Contested ‘Tweed’ Charter School Now Recruiting Students

As Downtown school activists continue their opposition to Innovate Manhattan charter middle school moving into Tweed Courthouse this fall, the experimental school is ramping up its recruitment efforts in District 2 this month. The first in a series of open information sessions was held Feb 2 at the Downtown Community Center.

The Department of Education has proposed the school for the site but opponents, backed by Community Board 1, Assembly Speaker Sheldon Silver and other elected officials, say those seats will be needed to ease crowding in local elementary schools when P.S. 397 vacates the space for its new building on Spruce Street. Department of Education officials say that Tweed, where they are headquartered, is just the place to observe the workings of this experimental school, modeled after 33 middle and high schools in Sweden run by the for-profit company Kunskapsskolan.

“I hesitate to get so involved in the negativity of the debate when what’s missing in this is a really interesting kind of educational option that the kids in Tribeca are going to love,” said Peg Hoey, president of the American branch of Kunskapsskolan, who is spearheading the company’s efforts in New York.

In a telephone interview, Hoey said she “honors” the concerns of those who oppose her school, but added, “Those are their concerns. And there are other groups who want a new middle school. And particularly would like a new, very different kind of middle school for their children. So I think that it’s unfortunate that the debate only becomes about the location.”

Hoey has yet to receive the go-ahead from the DOE for Tweed, but is proceeding as though it will happen. She said she has received 300 inquiries from interested parents. Priority would be given to children in District 2, who would be chosen by lottery.

Individual goal setting is the main principle behind the school model, called KED. Hoey said each student would meet for 15 minutes every week with his “coach,” a teacher who acts as his advisor for all three years. The teacher keeps tabs on the child’s progress towards the goals set for him—and the “learning strategies” to meet them. (The school would start with only a 6th and 7th grade.)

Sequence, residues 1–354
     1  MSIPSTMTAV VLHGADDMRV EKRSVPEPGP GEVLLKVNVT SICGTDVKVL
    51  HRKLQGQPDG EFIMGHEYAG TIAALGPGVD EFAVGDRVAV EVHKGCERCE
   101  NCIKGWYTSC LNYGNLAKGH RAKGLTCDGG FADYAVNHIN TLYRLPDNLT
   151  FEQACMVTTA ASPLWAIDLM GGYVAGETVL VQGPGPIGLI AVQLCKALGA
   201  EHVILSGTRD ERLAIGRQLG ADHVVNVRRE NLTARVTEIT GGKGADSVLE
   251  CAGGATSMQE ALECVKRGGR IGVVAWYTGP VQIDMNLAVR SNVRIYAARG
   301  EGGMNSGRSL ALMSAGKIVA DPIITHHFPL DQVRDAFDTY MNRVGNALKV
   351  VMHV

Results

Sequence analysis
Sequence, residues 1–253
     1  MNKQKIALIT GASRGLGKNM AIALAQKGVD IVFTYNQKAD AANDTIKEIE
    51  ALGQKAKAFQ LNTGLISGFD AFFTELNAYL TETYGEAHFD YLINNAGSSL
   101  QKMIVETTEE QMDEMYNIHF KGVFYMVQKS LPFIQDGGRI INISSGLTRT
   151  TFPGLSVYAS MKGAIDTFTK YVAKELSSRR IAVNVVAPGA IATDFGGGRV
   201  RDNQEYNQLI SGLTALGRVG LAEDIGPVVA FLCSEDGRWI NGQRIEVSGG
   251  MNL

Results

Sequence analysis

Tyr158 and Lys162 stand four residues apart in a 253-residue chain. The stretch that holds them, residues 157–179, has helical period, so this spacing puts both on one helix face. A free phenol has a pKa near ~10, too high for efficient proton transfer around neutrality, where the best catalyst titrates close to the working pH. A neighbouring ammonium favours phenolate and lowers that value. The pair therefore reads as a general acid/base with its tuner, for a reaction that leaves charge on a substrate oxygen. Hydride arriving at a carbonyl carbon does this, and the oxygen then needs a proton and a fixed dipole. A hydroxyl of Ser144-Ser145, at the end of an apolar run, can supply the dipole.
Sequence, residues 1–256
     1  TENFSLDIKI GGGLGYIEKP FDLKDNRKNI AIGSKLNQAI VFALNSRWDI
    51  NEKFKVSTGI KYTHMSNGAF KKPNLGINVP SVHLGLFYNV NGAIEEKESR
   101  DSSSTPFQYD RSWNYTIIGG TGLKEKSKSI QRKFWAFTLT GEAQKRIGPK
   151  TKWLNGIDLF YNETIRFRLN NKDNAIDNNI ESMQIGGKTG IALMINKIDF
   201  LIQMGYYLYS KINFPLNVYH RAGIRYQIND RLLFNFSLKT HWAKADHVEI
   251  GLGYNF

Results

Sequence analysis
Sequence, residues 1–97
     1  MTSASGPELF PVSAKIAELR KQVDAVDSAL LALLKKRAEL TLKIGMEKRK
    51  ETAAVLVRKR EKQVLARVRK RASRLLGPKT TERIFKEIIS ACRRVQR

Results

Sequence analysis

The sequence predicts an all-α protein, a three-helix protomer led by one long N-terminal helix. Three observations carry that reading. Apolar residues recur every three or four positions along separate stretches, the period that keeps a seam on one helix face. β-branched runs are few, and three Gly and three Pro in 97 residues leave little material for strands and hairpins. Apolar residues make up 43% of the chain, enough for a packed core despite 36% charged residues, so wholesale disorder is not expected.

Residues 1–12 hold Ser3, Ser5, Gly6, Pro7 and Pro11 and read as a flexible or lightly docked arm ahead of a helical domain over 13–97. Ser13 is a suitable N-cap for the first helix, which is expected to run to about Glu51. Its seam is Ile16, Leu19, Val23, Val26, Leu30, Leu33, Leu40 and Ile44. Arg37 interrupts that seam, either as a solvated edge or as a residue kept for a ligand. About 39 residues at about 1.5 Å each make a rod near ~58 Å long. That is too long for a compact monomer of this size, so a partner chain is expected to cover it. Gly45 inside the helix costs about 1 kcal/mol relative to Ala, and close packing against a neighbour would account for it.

Children would be assessed and placed in mixed-age English, math and Spanish classes, according to their level. They stay with their grade in social studies, science and the arts, which are taught around a single theme. Hoey said she hopes the Tweed spaces can be separated with the transparent dividers used in the Swedish KED system.

“We use space very differently. [But] it’s not the 1970s open classroom model,” she said adamantly.

Asked about a gym and physical education, Hoey called it a “common problem among charter schools.” She mentioned the lawn outside the school, now play space for 5- and 6- year-olds, and the uncertain possibility of a large room inside Tweed, or renting space in a gym.

“We’re very close to the parks,” she said, apparently referring to City Hall Park. “You have a lot of options.”

She said their funding from the DOE  cannot be used for after-school programs, which could offer team sports like those at I.S. 89 and I.S. 276. The first year they will be trying to prove themselves to outside funders, she said, with hopes that the next year that funding would be available for the program.

In the meantime, Hoey and Kunskapsskolan await official word on whether the locally controversial school can move into the space.
“We will know,” Hoey said, “when the DOE says, “Yes, you’re there, and here’s your contract.”

Just when that will be is not clear. In an e-mail to the Trib, DOE spokesman Jack Zarin-Rosenfeld wrote that Innovate Manhattan is “one of the main options we are considering,” a possible indication that officials may be wavering in their support of Tweed for the school’s site. “We look at the space we have available district-wide to decide how best to use Tweed space," Zarin-Rosenfeld wroe.